The flank steak comes from the abdominal or flank area of an animal. In this case, we are using beef flank steaks. These are the same steaks that are used for fajitas, so I thought that would be a good thing to make with this marinated beef flank steak.
I marinated this flank steak overnight. It needs about 12–18 hours to soak in the flavors from the marinade, so leave enough time. If you decide to skip the marinade, season the steak per your preference. But you should probably tenderize it with something, either a hammer or a jaccard. A jaccard is a tool with a bunch of blades on it that penetrate the meat and cut up up inside just enough to tenderize it a bit. Depending on how many wacks you give it.
1. Pick up a beef flank steak. They are usually a fairly uniform shape, but they can vary in size depending on the size of the beef cow. Some flank steaks come with the fat still attached, and it's up to you whether to remove it or not while you cook. It may help keep the meat juicy. If you marinate the meat, it's going to be extra juicy anyway, and the fat cap will just get in the way. Either way, I would definitely remove it before you serve the meat.
2. Season, marinate, or tenderize the flank steak. The flank steak can be a pretty tough cut of meat, which is why we cut it across the grain. It still benefits from being marinated or tenderized. To tenderize the meat, give it a few whacks with a meat mallet or jaccard. Don't overdo it! You want the meat to keep its general shape and thickness. Turn the broiler on high and move an oven rack to the second rung under it. Let the broiler heat up for a few minutes before you put the flank steak under it.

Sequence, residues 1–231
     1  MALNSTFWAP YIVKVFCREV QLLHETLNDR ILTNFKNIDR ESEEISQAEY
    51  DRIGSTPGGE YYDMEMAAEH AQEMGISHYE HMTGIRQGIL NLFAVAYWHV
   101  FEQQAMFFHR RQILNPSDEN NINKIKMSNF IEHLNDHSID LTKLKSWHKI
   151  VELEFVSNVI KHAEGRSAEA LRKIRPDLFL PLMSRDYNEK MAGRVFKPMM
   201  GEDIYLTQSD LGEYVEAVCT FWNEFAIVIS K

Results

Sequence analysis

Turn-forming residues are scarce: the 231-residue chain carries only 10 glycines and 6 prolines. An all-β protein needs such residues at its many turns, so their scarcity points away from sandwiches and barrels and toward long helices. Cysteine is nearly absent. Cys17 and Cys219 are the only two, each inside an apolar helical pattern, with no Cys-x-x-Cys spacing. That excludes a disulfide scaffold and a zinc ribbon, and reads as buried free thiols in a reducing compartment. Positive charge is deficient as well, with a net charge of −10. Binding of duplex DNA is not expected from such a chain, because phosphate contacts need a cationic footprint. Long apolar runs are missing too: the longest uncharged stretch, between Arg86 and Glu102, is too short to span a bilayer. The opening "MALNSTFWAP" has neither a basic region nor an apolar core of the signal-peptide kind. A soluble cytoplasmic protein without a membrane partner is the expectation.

3. Broil the flank steak. Lay the meat on the broiling pan so that it will be directly under the heat and positioned to get an even distribution. After 3–4 minutes, flip the flank steak over and broil the other side. After another 3 minutes, check the internal temperature with a digital thermometer. Cook the steak to: 120–125 degrees F for rare, 130–140 for medium rare, 140–150 for medium, 150–160 for medium well, and 160+ for well done. Of course, anything past medium may end up being chewy.
4. Let the broiled flank steak rest. Once the flank steak is to the desired temperature, which shouldn't take long since it is so thin, let it rest for 8–10 minutes. There may be some juices coming out, so put it on something to collect them. After the flank steak has rested, use a very sharp knife to cut it thinly across the grain. This will help make the meat less chewy. If you want happier dinner guests, the thinner you cut it the better.
Buy a flank steak that looks and smells fresh. Sometimes they get a little grey from normal oxidation, but smell it to make sure it's not going bad.
The marinade should be allowed to soak for at least 12 hours in order to be effective.
If you go with the tenderizer, only give it a few whacks to break up some of the internal striations. You don't really want to flatten it, unless you are making a roulade.
Some electric broilers may be a little under-powered, so don't push it too much when trying to brown the flank steak or you may end up overcooking the inside. Keep checking the temperature with a thermometer, and take it out of the broiler when it's done.
Remember to cut it thinly across the grain.